Osteopathy

Osteopathy is a hands-on, manual therapeutic approach to health, which recognises the importance of the relationship between the structure of the body and its function.

In Osteopathy, the body is seen to have an innate, self-healing ability, which sometimes needs some assistance. The Osteopath aims to help the body to help itself.

You are seen as a unity of body, mind and spirit, and therefore, a treatment plan and advice given is based on a combination of your personal health history, conversation, physical assessment and treatment.

Advice given may include home exercises, basic diet and lifestyle adjustments, amount of treatment recommended and referrals to other practitioners.

Osteopathy may help to alleviate pain and discomfort in the whole body, including muscle, nerve, joint, bone, ligament, tendon, internal organs, fluid and connective tissue.

About Osteopathy

Osteopathy is currently a 5-year university degree, which is a combination of a bachelor of applied science and a master of Osteopathy.

During the last 2 years of study, student Osteopaths are supervised in a student clinic by a team of mentors, as they treat the general public.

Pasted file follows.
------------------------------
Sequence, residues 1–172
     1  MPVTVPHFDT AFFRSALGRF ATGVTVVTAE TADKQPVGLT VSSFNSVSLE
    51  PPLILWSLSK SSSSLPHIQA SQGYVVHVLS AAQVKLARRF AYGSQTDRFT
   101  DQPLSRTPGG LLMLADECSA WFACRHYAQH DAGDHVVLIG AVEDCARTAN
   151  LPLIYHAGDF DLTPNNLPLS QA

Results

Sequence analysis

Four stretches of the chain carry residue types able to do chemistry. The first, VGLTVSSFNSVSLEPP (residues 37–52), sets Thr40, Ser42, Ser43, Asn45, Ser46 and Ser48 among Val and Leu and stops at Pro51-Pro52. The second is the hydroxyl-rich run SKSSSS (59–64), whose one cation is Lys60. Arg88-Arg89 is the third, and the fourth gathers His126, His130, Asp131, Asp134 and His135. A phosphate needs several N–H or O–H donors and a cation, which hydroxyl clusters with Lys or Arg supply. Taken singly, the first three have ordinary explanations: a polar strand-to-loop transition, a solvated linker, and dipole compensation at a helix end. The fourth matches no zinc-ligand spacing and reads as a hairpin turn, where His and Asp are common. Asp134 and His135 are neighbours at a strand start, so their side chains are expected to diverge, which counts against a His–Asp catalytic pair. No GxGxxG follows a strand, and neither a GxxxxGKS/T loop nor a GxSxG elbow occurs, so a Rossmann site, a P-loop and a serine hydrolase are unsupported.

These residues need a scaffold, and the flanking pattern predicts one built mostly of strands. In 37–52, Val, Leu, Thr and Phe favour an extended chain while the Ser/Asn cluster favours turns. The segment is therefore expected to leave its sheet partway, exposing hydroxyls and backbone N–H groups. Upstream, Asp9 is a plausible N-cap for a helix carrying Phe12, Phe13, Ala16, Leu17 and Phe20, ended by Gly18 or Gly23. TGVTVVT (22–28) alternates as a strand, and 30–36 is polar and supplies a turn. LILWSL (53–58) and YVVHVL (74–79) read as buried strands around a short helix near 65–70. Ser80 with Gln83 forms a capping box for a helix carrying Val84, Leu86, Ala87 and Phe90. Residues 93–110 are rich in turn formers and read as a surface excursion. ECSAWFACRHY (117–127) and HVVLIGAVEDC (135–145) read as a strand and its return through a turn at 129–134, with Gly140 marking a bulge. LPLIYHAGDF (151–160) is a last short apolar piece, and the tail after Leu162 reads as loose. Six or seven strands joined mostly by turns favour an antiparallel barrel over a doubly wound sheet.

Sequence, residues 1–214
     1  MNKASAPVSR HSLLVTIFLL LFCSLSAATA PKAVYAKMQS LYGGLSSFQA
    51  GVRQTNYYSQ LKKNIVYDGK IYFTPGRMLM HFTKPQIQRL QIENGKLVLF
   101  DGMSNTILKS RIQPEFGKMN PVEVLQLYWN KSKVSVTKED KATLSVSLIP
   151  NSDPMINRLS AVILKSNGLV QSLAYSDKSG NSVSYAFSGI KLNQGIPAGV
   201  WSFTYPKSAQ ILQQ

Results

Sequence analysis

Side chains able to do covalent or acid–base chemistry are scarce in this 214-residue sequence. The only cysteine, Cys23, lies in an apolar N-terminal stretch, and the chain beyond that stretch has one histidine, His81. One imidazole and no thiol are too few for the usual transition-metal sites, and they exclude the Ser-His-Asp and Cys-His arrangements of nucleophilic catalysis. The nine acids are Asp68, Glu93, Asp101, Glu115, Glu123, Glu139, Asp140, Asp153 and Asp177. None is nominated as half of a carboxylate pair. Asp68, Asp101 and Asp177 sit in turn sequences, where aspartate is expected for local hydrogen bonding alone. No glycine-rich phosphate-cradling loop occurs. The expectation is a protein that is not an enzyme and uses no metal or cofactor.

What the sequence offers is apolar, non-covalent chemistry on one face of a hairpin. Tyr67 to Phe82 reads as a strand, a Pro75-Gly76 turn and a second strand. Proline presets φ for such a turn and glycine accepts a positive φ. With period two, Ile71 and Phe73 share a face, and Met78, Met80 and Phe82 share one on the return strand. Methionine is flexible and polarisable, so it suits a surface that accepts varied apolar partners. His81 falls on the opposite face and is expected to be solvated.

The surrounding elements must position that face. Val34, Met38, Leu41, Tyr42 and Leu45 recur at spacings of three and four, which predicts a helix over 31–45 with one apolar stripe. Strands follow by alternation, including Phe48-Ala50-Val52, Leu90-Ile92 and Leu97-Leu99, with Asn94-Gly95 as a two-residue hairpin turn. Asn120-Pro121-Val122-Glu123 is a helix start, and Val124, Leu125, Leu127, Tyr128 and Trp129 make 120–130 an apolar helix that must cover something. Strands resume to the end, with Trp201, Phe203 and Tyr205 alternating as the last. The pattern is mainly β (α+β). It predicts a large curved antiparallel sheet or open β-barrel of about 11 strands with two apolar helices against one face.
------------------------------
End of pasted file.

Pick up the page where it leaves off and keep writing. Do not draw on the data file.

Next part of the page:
Osteopathy is considered an allied health profession, along side chiropractic and physiotherapy.

How Osteopathy Works

Osteopathy focuses on how the body functions as a whole organism.

Emphasis is placed on the relationship between the structure and alignment of the body and how it functions internally and externally.

Osteopaths are trained to perceive, assess and treat imbalances in this relationship, according to your individual presentation.

Osteopathic treatment, by aiding the removal of physical stressors, can assist the self-healing mechanisms inherent within your body.

Healing time depends on the restrictions, age and vitality of the patient and length of time of the problem. The more long-standing the condition, the longer it takes to heal.

 

Our Osteopath

Dr Rati M Howley